Government: Canada's Provincial Governments

By David Nickle

David Nickle is a city hall reporter for the Toronto Community News (Mirror/Guardian) newspapers. He has also published books and stories in Canada and the US.

When the government of Canada was formed in 1867, it was based on the British system in many ways. The country had an elected parliament that answered to the English king or queen just like England did.

But Canada is much larger than Great Britain and one government was not enough to both look after the country, and to let Canadians who lived far apart and had different needs to have their say in how they lived. So Canadians have another level of government. The country is divided into 10 provinces - each of which has a parliament (which is also called a legislature) and looks after its own region.
The provincial governments provide the services that Canadians use most often, funding schools, hospitals, roads and transportation, part of the police services and the court and prison system and the welfare system.

Toronto is the capital of Ontario, the largest province in Canada with more than 12 million people or 38 percent of the whole country. Ontario also has the biggest economy in the country, producing 40 per cent of the country's wealth.
With all those people and all that business going on, it is not a surprise that Ontario's government is very large. This year, the Ontario government will spend nearly $80 billion, which it raises through a number of different taxes and fees. Ontarians pay tax on the money they earn (income tax), on the sale of property (land transfer tax), on the things that they buy (sales tax) and even more taxes on cigarettes, liquor and gasoline for their cars. Corporations pay taxes, and employees now help pay for the health system.

And Ontarians also pay all sorts of fees to their government. This year, the government will bring in $986 million by collecting money to renew driver's licences and vehicle permits. The government also controls all liquor sales through the Liquor Control Board of Ontario, or LCBO. So in addition to the tax, the province makes more than a billion dollars a year selling liquor. The province also runs lotteries and casinos which bring in more than $2 billion a year. The province also gets about $510 million from the sale of power and receives money from the federal government, to support social services and health care, affordable housing and infrastructure like roads and sewers.

The provincial government itself runs like the federal government. Ontarians elect MPPs, or Members of Provincial Parliament, in 108 ridings.

In the past 20 years, all three major political parties have managed to win elections. The Liberals governed Ontario until 1990, when the left-wing New Democratic Party took power. In 1995, the right-wing Progressive Conservative party won the first of two elections by promising to cut taxes and make government smaller.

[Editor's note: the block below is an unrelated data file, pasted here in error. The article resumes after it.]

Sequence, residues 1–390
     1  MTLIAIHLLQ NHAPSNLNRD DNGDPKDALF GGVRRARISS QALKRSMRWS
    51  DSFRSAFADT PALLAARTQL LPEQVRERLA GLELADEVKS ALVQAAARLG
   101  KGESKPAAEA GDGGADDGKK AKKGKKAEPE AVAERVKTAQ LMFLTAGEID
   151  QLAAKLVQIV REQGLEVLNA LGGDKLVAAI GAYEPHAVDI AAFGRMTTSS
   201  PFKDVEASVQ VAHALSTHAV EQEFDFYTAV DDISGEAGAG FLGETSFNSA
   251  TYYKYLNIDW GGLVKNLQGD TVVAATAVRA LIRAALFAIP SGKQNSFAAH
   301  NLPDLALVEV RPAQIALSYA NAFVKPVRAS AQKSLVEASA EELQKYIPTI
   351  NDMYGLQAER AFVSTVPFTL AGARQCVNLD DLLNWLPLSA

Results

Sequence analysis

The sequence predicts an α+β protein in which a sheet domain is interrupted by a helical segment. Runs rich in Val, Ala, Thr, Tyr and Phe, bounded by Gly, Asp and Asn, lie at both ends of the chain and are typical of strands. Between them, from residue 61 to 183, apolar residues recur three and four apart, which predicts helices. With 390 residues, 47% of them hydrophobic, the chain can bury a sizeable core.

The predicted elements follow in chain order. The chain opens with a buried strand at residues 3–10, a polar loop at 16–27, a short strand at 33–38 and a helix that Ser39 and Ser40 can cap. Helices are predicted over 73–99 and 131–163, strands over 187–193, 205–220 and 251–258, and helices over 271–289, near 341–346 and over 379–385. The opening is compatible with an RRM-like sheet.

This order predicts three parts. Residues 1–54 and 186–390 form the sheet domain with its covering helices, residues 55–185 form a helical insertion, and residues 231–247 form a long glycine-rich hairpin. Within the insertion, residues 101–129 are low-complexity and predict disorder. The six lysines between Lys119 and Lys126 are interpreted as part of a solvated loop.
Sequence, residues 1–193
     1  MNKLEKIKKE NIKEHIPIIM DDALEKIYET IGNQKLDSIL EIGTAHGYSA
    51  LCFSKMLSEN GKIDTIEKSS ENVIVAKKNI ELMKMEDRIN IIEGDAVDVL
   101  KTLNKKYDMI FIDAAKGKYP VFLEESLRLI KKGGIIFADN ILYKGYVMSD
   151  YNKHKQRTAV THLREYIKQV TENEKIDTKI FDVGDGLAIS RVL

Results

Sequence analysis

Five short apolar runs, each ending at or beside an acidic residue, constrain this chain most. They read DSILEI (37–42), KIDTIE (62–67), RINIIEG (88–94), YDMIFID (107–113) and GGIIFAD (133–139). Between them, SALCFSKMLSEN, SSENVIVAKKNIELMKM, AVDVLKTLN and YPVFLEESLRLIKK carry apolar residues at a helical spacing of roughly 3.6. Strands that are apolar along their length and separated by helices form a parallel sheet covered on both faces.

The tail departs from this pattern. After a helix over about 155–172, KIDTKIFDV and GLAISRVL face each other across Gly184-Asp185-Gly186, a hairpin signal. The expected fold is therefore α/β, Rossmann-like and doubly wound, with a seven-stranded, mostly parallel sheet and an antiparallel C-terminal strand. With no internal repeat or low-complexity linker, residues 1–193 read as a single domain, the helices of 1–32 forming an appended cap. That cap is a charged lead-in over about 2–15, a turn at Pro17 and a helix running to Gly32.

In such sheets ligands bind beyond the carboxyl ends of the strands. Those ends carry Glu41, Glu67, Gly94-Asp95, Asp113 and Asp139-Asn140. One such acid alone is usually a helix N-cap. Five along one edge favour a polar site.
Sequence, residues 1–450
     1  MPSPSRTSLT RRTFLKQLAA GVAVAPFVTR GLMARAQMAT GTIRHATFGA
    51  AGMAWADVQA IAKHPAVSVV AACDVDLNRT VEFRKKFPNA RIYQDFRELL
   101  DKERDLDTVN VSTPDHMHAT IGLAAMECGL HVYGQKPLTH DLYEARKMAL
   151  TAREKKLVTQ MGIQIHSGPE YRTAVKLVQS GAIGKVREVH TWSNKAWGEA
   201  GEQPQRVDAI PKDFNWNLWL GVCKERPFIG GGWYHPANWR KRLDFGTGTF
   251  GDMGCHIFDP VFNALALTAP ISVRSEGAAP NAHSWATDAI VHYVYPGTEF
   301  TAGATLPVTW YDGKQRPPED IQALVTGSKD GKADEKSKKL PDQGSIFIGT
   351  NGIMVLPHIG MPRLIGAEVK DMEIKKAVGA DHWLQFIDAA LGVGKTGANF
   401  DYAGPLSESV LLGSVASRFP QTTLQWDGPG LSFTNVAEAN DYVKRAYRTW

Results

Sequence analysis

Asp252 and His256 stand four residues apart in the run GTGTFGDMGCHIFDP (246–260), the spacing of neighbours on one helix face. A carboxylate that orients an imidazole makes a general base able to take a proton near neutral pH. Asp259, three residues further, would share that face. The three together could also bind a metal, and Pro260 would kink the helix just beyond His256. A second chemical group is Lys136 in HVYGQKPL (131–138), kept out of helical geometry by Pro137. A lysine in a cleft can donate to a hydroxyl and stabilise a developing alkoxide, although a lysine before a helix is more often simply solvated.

In last year's election, the Liberals, under Dalton McGuinty, defeated the Progressive Conservatives.

When McGuinty formed a government, the first thing he had to do was select a cabinet from his MPPs. McGuinty appointed 22 ministers, each of whom is responsible for one or more parts of the Ontario government.

First in line was Greg Sorbara, who became the new Finance Minister - the most powerful position in a cabinet next to Premier McGuinty himself. The Finance Minister puts an annual budget together that tells each ministry what they will do that year and how much money they have to do it.

Here's who is in charge of other ministries that newcomers are most likely to deal with.

Dr. Marie Bountrogianni is Minister of Citizenship and Immigration - which helps newcomers settle in Ontario - and also the Minister of Children and Youth Services, which makes sure that young people are looked after. John Gerretsen, the Minister of Municipal Affairs and Housing oversees cities and towns, as well as affordable housing. Sandra Pupatello, the Minister of Community and Social Services, looks after the welfare system and other services for people out of work. Gerard Kennedy, the Minister of Education, is in charge of all the public schools in Ontario. Mary Anne Chambers, the Minister of Training, Colleges and Universities, watches over the province's colleges and universities.

The McGuinty government is having a hard time right now, because they have been unable to keep many of the promises they made in the last election. For example, McGuinty promised not to raise taxes, yet did so with a new health care premium in the spring. This has made many voters angry. But there will not likely be another election for four years so it makes sense to get to know this government. It will be with us for awhile.

CNM